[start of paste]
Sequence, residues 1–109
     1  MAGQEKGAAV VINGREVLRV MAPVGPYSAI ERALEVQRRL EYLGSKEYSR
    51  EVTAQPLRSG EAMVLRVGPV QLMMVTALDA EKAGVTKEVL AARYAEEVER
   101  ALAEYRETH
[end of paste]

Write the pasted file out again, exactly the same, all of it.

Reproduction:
Sequence, residues 1–109
     1  MAGQEKGAAV VINGREVLRV MAPVGPYSAI ERALEVQRRL EYLGSKEYSR
    51  EVTAQPLRSG EAMVLRVGPV QLMMVTALDA EKAGVTKEVL AARYAEEVER
   101  ALAEYRETH